Christian Rohlfs - Häuser in Soest
Häuser in Soest
Oil on canvas 59.3 x 77.2 cm Framed. Monogrammed 'CR' in red brown lower right. - In very fine condition.
In his note published in the Frankfurter Zeitung in December 1919 to congratulate the artist on his 70th birthday, the founder of the Folkwang Museum, Karl Ernst Osthaus, began with an assertion that summarised and simultaneously criticised the historical situation: “Surely no great master of German painting has lacked public recognition longer than Christian Rohlfs.” (Karl Ernst Osthaus, Reden und Schriften, ed. by Rainer Stamm, Cologne 2002, p. 166). Rohlfs was born in 1849 and in 1870, after a brief stay in Berlin, he began studying at what was seen as the progressive grand-ducal art school in Weimar. He subsequently chose to settle there, in the home of Schiller and Goethe, Herder and Nietzsche, nestled within a landscape steeped in culture. His move to Hagen in 1901 and the impulse presented there by Karl Ernst Osthaus surely exercised a great impact on his own progress - as did experiencing, from the very beginning, how one outstanding work after another was hung in the picture gallery of the Folkwang Museum. Already in his mid-50s at that time, and having previously adopted the developments of Impressionism as well as Neo-Impressionism, he is just as much to be counted among the “wild youth” as Emil Nolde, who was a full 18 years younger than him, or the artists who had just joined together to form the artists collective of the Brücke, who clearly felt they already belonged to another generation.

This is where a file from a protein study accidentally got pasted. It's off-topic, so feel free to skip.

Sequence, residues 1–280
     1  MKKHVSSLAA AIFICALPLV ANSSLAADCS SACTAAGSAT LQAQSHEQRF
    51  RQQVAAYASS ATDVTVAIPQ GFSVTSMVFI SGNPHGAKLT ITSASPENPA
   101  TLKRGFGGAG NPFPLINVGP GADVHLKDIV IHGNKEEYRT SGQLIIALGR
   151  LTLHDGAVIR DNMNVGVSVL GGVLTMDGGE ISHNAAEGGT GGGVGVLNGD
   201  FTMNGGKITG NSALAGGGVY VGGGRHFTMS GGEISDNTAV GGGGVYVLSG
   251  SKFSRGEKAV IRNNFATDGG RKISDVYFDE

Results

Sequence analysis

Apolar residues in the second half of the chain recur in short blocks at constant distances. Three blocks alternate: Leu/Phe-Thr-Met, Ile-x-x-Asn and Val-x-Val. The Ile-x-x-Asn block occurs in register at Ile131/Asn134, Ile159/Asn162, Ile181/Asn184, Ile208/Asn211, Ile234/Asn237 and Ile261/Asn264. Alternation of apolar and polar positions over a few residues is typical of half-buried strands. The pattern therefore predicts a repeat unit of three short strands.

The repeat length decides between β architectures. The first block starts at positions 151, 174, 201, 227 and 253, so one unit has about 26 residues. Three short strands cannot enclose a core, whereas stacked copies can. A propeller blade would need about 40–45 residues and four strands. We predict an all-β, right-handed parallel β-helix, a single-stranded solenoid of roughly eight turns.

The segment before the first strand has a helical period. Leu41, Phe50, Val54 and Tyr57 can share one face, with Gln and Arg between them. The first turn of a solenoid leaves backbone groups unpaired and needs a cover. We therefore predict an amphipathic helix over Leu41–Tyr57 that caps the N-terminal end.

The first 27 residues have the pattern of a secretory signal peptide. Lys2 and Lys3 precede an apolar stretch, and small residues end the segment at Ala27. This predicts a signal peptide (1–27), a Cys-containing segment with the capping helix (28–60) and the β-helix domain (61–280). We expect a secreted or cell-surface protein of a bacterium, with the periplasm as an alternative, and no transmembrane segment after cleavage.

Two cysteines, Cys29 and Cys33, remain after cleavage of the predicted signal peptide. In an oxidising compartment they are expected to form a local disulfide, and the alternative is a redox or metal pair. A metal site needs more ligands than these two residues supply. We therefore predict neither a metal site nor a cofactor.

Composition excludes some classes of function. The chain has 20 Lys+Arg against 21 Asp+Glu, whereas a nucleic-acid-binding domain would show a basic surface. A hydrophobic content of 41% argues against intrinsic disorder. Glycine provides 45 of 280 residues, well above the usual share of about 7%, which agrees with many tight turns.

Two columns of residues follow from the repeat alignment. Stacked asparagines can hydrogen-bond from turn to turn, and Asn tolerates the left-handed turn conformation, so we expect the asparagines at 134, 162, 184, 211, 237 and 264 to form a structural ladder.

In 1904 Rohlfs visited the medieval Westphalian town of Soest for the first time and was delighted by its streets and squares, churches, towers and half-timber houses: “a magnificent little town”, Rohlfs told his friend Felix Bahlmann (cited in Paul Vogt, Christian Rohlfs, Aquarelle und Zeichnungen, Recklinghausen 1958, p. 34). In 1906 and 1907 Rohlfs was still painting his first portraits of its striking churches and towers with the brushstroke of van Gogh and thinking of his works at the Folkwang Museum. However, he emancipated himself over the years and developed a compact cohesiveness featuring his characteristically counterbalanced use of colour for his views of Soest's buildings and streets: Rohlfs develops a modern “all-over” out of the ochre ground of the scene, the red of the roofs standing out against the blue of the evening and the black denoting both the half-timber work and the dynamism of the town. For Rohlfs the simultaneity of stasis and motion - like that brought to Expressionist painting by the Futurists - was a proven means of conveying the visual appeal of this architectural silhouette in Soest. His style of painting reveals tendencies towards an increasing abstraction resulting from his unfettered handling of naturalism and dematerialisation of colour.
J. B. Neumann, Berlin; Stuttgarter Kunstkabinett R. N. Ketterer, auction 34 modern art, 20 and 21 Nov 1959, lot 805 ("Gasse in Soest"); Private possession, Switzerland; Private possession, Baden-Württemberg
Düsseldorf 1919 (Galerie Flechtheim ), Christian Rohlfs (zum 70. Geburtstag) - Ölbilder 1917/18, cat. no. 14